To view this entire walk on a map visit: HERE

Below is a map of the start point

 

 

 


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Oct 182011
 

BY MICHAEL FRAIMANIgidae, Nam-Gu, Busan, Korea

To Westerners, Yongho-Dong’s Igidae Park is one of Busan’s lesser-known scenic trails. It’s basically the city’s “other coastline”—look straight and you can see Haeundae beach; look left and you face the Gwangali bridge. It’s also teeming with native Koreans out for a two-and-a-half-hour afternoon stroll, or setting up fishing posts along the rocks by the water, so don’t expect a solitary jaunt.

Its lack of popularity among non-native citizens might be owed to the fact that it’s a little tricky to find (we took a taxi), or that the hike itself is really more of a rugged walk. Igidae is a testament to the amount of money and effort Korean governments will pour into natural infrastructure: there are loads of clean stairs (they look freshly painted, even if they actually aren’t), naturally-integrated benches and frightening-to-some suspension bridges overhanging small cliffs. Basically, you’re surrounded by greenery the whole time, but you never feel like you’ve left the city. Igidae’s vibe becomes a lot more casual than walking around any mountain.

The whole trek is essentially a line, and you can approach it from either end. You can trek inland or around the coast, the latter of which gives you plenty of chances to walk right down to the water and bound across giant and precariously balanced boulders, which, as I mentioned to my company at the time, truly made me feel like a kid again. (Partly because it’s fun, and partly because I became a terrified child when looking down at the jagged rocks and rushing water only a few feet below.) If you hop far enough along the rocks, you’ll inevitably disrupt some peaceful solo Korean’s lunch, which also brings up the idea of picnicking along the rocks by yourself or with friends. (Thanks for the idea, grimacing Korean man!)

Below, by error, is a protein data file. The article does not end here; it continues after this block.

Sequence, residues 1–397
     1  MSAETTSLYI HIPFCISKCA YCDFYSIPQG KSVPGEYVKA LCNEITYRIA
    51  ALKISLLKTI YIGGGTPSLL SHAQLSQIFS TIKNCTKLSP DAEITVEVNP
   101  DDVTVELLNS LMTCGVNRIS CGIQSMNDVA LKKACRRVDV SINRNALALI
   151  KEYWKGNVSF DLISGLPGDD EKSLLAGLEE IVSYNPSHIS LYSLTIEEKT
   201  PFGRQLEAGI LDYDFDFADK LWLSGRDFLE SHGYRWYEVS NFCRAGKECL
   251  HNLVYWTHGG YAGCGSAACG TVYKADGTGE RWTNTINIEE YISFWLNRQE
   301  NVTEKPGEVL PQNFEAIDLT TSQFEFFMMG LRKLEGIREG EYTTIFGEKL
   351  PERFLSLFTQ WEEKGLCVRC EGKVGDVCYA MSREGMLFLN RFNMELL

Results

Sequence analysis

Igidae is made to be a casual hike, and it works. It’s relatively short, relatively easy, and exceptionally beautiful—and on top of all that, we were the only Westerners in sight. I think that legitimately qualifies it (for foreigners) as one of the city’s best-kept secrets.

Directions: there are two ways you can go:

1) A LONGER WALK TO IGIDAE: From Namcheon metro, get off at exit 3 and take your first left. Walk down till the road dead-ends, turn right, and then turn left onto the busy road. Continue past the big intersection at Mega Mart, and continue for a while till you get to Igidae.

2) BY BUS; SHORTER WALK: From the Kyungsung subway, get out exit 5, do an about-face, and go around the corner. Walk straight one and a half blocks (you’ll pass a Paris Baguette) till you get to the bus stop. Take any bus EXCEPT the 10 and 155 (so YES for the ones in the 20s (24, 27, etc) and also the 131). You’ll go about 5 stops to the IGIDAE stop. The bus will turn right just before you need to get off. You’ll be able to see a big mountain.

Get off the bus, backtrack a lil, and cross the street (you’ll be walking towards an eyeglasses shop with a blue sign). Follow that road till it keeps winding around to the park. It’s a 5-10 minute walk just to get to the park, so keep at it.